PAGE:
2. Grab the dumbbells with a neutral grip.
  3. Keeping your elbows pinned, lower the dumbbells so they are beside your ears at the bottom.

Pro Tip: As you gain more experience, lower the weight behind your head.

8. Tate Press

23 Best Dumbbell Triceps Exercises and Workouts For Mass and Shape – Fitness Volt (2)

The Tate Press could also be called a “Chest Crusher” because it’s like the skull crusher exercise, just with your arms shifted inward toward your body rather than up toward your head. It’s definitely an awkward-looking exercise, and it requires a great deal more control and strength than most people realize. This exercise biases your lateral triceps head to build definition on the outside of your arm.

How To:

  1. Lie prone on a bench holding a dumbbell in each hand using a pronated grip and elbows fully extended.
  2. Flex your elbows to lower the dumbbells toward your chest.

Pro Tip: This exercise can be tough on your wrists, elbows, and shoulders. Start with very light weight until you master the proper form, then slowly increase as your joints adapt to the unfamiliar movement.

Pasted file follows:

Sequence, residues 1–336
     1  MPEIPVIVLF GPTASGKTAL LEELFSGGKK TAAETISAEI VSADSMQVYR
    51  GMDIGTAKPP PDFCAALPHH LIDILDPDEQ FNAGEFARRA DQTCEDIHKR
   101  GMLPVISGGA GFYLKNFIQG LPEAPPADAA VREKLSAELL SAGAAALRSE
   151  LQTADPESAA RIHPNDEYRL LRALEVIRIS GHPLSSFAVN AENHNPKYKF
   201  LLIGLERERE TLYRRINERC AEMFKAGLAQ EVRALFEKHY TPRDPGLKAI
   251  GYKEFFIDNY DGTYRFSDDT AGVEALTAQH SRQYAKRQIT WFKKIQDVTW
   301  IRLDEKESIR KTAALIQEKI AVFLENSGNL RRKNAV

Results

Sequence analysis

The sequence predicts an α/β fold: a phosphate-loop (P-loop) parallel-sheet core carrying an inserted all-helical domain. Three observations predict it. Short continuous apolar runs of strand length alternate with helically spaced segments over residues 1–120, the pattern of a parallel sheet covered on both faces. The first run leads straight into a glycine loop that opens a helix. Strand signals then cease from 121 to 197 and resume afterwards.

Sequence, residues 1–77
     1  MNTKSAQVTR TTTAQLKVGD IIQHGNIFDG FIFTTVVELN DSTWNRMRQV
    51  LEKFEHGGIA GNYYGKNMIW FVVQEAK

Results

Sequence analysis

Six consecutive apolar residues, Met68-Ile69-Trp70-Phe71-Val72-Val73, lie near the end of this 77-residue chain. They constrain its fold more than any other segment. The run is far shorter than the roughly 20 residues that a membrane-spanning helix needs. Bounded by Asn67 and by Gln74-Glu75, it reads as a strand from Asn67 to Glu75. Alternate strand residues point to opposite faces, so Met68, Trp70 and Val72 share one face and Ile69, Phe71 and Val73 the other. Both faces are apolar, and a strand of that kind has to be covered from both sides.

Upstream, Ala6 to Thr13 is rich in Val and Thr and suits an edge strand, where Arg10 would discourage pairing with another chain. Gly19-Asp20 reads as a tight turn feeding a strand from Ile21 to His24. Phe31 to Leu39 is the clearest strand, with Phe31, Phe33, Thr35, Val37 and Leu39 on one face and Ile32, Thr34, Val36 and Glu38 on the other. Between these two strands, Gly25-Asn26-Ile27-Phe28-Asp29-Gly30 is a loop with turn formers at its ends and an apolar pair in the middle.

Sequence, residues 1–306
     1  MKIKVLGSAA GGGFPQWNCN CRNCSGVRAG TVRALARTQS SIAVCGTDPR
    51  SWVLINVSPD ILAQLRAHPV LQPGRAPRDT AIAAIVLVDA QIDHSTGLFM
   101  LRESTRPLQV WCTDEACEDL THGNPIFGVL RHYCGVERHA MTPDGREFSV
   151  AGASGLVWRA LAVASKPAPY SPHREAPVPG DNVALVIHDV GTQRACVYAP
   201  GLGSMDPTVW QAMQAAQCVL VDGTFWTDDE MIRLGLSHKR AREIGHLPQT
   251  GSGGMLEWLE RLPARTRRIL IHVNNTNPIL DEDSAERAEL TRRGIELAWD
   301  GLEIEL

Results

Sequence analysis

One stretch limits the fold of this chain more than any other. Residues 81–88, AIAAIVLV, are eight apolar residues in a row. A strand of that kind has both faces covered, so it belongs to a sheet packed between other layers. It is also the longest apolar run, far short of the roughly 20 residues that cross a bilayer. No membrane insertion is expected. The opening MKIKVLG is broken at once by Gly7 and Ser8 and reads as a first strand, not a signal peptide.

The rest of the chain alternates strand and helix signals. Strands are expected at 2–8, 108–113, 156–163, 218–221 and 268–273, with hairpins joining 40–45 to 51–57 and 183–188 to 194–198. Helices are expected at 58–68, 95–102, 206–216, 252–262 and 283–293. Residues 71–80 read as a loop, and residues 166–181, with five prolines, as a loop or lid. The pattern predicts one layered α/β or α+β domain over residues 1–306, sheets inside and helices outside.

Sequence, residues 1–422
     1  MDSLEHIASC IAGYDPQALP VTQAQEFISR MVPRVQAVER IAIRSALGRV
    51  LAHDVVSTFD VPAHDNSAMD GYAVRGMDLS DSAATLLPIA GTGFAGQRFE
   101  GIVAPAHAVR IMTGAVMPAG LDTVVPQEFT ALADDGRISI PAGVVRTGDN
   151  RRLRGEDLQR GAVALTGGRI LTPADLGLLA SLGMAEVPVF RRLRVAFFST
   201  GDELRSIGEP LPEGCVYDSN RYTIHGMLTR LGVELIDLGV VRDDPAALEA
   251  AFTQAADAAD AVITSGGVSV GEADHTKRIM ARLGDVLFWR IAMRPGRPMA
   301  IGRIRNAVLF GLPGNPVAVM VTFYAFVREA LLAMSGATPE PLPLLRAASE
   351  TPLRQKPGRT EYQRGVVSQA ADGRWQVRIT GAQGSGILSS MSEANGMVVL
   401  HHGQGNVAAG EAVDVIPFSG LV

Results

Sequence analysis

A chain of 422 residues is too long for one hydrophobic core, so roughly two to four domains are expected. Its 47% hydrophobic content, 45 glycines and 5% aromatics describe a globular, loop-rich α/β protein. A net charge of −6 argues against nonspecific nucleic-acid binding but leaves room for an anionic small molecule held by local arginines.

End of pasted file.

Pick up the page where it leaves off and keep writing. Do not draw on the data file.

9. Incline Kickback

Using an incline bench adds an extra element of isolation to the kickbacks, and allows you to target the muscles at a slightly different angle. You’re still going through the full 90-degree range of motion, but the focal point changes because your body is at a 45-degree angle rather than perfectly flat.

This shifts the focus from your upper triceps to your lower triceps, strengthening the medial head and increasing the power around your elbow. The medial head spends the most time under tension, making it the most effective option to grow your lower triceps in both size and power.

How To:

  1. Set the incline bench at 45 degrees and place your chest against it while holding a dumbbell in each hand with a neutral grip.
  2. Raise your elbows above your midline.
  3. Keeping your upper arms pinned, extend your elbows.

Pro Tip: Set the incline bench at 45 degrees. Setting it at an angle that is too high or low will skew the focus point.

10. JM Press

The JM Press is a “hybrid” exercise, which combines two different exercises—the skull crusher and the close-grip dumbbell press—to deliver a more well-rounded, harder-to-complete workout.

How To:

  1. Lie on a flat bench while holding a dumbbell in each hand using a pronated grip.
  2. Extend your elbows fully.
  3. Slowly lower the dumbbells to the bottom of your neck.
  4. Explode back to the starting position.

Pro Tip: Use a relatively light weight for this exercise. Technique is more important in this exercise than poundage.

11. Dumbbell Triceps Dips